To a first time adventurer, crossing a border can be an exciting prospect. You get a new stamp in your passport. A first taste of a new place.
When you visit a new country, not knowing any of its rules can be scary. But the border is a place where rules are most often explicit, spelled out in large bold letters. Queue here. Do not cross the yellow line. Place your thumb on the scanner. Even if you don’t know what you’re doing, it’s easy to figure it out.
Once the process loses its novelty, you begin to dread it. Eventually something sours the experience. Maybe it was the time you were crossing the US border to Canada in your car. The tough official with an air of suspicion asking you twenty questions, trying to trip you up. Where are you from? What’s your occupation? Where you do you buy your groceries? Where did you meet your girlfriend? Open up the trunk of your car so I can have a look. You realise that all the explicit rules make you powerless. That you have to play to the whims of the border agent.
Maybe it was the time you arrived in Thailand after 22 hours of flying, only to find that only two customs agents were working. Having to stand in a queue for three hours, inching your way slowly forward. Every time you fly into a country you’ll remember it and you’ll become a person who sprints from the plane the moment it lands. Desperate to be at the front of the line.
Or maybe it was flying out of Tel Aviv in Israel. Having your passport thumbed through methodically, having to explain every stamp and where it came from. A young man in a military uniform pulling open your rucksack, taking every item out of it and throwing it on a table. Being taken into a backroom where you’re told to unbutton your trousers so they can check you have nothing stuffed down there. You not sure what. Drugs? A gun? Maybe an explosive? They refuse to say anything. Just give you orders. In that moment you belong to them.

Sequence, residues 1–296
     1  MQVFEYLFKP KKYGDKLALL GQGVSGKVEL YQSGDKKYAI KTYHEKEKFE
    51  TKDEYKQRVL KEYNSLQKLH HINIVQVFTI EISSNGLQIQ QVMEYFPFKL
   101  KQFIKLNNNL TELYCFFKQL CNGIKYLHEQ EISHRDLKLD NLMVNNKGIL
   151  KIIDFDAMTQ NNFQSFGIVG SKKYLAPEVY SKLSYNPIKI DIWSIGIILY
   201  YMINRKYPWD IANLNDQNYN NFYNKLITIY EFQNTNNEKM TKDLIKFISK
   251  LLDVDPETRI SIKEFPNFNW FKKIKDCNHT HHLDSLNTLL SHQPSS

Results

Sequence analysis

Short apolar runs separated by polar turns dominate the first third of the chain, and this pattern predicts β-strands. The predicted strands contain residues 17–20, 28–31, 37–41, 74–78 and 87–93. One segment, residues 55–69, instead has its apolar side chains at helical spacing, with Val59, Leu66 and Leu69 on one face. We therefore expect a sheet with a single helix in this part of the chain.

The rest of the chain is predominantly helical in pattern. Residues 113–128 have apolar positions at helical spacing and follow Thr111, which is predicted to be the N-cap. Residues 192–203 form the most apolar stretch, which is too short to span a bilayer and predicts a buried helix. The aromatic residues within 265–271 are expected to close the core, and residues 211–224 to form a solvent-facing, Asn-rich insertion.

It was Israel where my worst border experience took place. I’d spent a few days in Dahab in Egypt’s Sinai Peninsula. On the shores of the Red Sea it’s a haven for snorkellers and lazy travellers. I didn’t even touch the water, I was just there escaping the noise and smog of Cairo. It was the off season and the cheapest place to while away a few days reading books, eating and doing little else.
Soon bored began to set in, so my friend and I decided we’d head to Jordan, or more precisely Petra. It was easy enough to reach from Dahab, via a bus and a few taxis. The only issue were the borders. Jordan and Egypt don’t share a border, to get to Jordan via land you need to pass through Israel’s most southern point, a tourist resort named Eilat.